“Of the many shows at the fabled 112 Greene Street gallery—an artistic epicenter of New York’s downtown scene in the 1970s—the Anarchitecture group show of March 1974 has been the subject of the most enduring discussion, despite a complete lack of documentation about it. Anarchitecture has become a foundational myth, but one that remains to be properly understood. Stemming from a series of meetings organized by Gordon Matta-Clark and reflecting his long-standing interest in architecture, the Anarchitecture exhibition was conceived as an anonymous group statement in photographs about the intersection of art and building. But did it actually happen? It exists only through oblique archival traces and the memories of the participants. Cutting Matta-Clark investigates the Anarchitecture group as a kind of collective research seminar, through extensive interviews with the protagonists and a dossier of all the available evidence. The dossier includes a collection of Matta-Clark’s aphoristic “art cards,” the 96 photographs that were produced by the various participants for possible inclusion in the exhibition, and images from a recently unearthed video of Matta-Clark’s now famous bus trip to see Splitting in Englewood, New Jersey.” Mark Wigley

Move Lab

Who Wants To Be A Self Driving Car?

The moovel lab collaborated with MESO Digital Interiors to prototype this immersive experience. The idea was to make a machine that replaces the human senses with the sensors that a self-driving car might use. Our unconventional driving machine is essentially a steel-frame buggy with in-wheel, electric motors, complete with hydraulic breaking. Drivers lay head first on the vehicle; the positioning used to enhance the feeling of immersion (and vulnerability) created during the experience. A physical steering wheel controls the turning of the vehicle.The VR experience is created using data collected by the sensors outfitted on the driving machine.

Yegor Zaitsev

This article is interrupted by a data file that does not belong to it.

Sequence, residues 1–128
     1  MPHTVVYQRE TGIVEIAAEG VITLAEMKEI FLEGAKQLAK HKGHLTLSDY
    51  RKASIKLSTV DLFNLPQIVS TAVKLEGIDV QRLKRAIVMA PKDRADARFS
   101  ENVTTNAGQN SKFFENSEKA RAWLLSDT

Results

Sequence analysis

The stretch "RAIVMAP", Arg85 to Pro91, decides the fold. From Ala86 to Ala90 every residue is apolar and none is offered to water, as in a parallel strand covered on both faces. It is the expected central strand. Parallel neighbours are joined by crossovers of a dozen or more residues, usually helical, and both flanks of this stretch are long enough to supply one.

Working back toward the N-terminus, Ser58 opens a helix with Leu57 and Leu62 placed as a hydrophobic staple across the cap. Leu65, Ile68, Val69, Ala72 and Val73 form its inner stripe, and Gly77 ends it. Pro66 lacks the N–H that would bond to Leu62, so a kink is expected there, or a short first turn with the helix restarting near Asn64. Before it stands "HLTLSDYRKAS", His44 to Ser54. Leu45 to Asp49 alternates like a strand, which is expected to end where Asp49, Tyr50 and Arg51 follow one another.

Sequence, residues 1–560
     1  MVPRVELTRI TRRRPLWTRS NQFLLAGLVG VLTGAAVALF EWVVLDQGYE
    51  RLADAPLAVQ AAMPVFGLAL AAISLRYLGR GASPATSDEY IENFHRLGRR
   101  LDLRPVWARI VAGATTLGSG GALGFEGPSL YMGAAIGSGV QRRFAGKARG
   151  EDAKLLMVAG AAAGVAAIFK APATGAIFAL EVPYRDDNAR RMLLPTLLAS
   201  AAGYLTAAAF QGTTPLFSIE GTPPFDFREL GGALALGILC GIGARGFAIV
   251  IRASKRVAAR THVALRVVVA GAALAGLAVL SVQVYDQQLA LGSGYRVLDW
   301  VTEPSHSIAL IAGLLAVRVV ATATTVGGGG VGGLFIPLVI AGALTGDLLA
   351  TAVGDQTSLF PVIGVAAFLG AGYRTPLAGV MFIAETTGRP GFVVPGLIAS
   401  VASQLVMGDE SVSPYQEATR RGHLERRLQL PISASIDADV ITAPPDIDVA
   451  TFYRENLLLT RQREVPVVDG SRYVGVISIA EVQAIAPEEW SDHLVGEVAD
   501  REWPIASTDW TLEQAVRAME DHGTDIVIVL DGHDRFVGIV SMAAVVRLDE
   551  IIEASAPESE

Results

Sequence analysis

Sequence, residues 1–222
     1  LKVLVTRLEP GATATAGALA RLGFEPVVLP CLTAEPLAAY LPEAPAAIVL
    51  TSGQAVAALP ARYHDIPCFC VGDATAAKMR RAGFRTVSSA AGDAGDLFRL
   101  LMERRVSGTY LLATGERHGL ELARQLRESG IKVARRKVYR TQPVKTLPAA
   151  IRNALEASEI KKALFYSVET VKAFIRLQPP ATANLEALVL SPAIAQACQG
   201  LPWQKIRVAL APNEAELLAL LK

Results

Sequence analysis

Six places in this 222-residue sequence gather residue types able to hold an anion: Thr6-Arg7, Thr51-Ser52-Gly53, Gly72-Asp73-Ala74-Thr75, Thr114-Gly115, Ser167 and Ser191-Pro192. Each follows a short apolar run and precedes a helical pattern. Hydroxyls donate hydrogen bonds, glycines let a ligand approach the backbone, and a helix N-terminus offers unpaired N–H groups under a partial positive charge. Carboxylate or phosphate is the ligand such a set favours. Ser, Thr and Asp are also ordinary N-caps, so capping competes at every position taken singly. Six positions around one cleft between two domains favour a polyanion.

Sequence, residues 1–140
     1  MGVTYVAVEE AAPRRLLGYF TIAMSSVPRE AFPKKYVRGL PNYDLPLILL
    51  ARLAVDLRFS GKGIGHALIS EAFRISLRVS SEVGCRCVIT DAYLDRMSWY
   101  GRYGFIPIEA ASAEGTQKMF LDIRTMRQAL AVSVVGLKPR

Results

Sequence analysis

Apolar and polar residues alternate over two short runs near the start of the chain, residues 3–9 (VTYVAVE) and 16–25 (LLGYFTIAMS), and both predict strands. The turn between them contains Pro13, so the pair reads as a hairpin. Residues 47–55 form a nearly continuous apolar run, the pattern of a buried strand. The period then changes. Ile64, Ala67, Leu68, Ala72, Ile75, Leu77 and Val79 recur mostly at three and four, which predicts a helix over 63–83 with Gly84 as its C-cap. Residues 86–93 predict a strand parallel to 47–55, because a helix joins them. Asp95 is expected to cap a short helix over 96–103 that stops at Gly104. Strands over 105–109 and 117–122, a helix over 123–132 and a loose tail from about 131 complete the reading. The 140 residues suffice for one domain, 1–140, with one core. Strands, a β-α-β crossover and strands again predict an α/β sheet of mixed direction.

Fall-winter 2010 moscow – womenswear catwalks
The Russian fashion rebel Yegor Zaitsev presented an avant-garde collection which was surprisingly romantic.
Yegor took classic silhouettes extended them, volumized them, turned them upside down and made them into works of art.

RAFAEL LOZANO-HEMMER

РАФАЭЛЬ ЛОЗАНО-ХЕММЕР
拉斐尔·洛萨诺 – 亨默
ラファエル·ロサノ=ヘメル
라파엘 로자노
רפאל לוזאנו, המר
Open Air
Depending on atmospheric conditions, Open Air could be seen up to 10 miles away from the Parkway each evening from 8 to 11 p.m. The Project Information Center at Eakins Oval was equipped with app download, free mobile loan stations and seating areas for watching the lights and listening to the messages. There was also be an Information Outpost located at Sister Cities Park (18th Street and Logan Square).The Open Air voice archive also features selected “Voices of Philly,” recorded messages from distinct individuals both past and present who have inspired and influenced the flavor of Philadelphia. “Voices of Philly” messages are accessible on this website and were played at various times throughout the project. Content for “Voices of Philly” was collected by project partner WHYY executive producer Elisabeth Perez-Luna and includes David Lynch, Sonia Sanchez, Sun Ra, Louis Kahn, M. Night Shyamalan, Tina Fey, ?uestlove, Marcel Duchamp, Buckminster Fuller, Jimmy Heath, Santigold, Maurice Sendak, Patti LaBelle and many more.

Vincent Lapp

“To me couture is the best source of excitement in fashion. Our debut collection was mix between couture orientated fashion and ready-to-wear. With AV Couture, I hope to create a true couture atelier, which stands for traditional craftsmanship and perfection.
Working for my own label was always my biggest dream. AV Couture is an instrument to visualize our thoughts, and all the society’s absurdities we think are essential to tackle.” Vincent Lapp

Berenike Corcuera

Berenike Corcuera’s collection was inspired by kirilian photographs of her aura, first captured in Chinatown’s reowned Magic Jewelry. when she lived in New York in 2014. She began studying the electromagnetic field of the human body to understand how to translate the invisible. She began the practice of mandala and colour studies, to understand how metaphysical bodies could be interpreted into physical bodies and contemporary menswear clothing.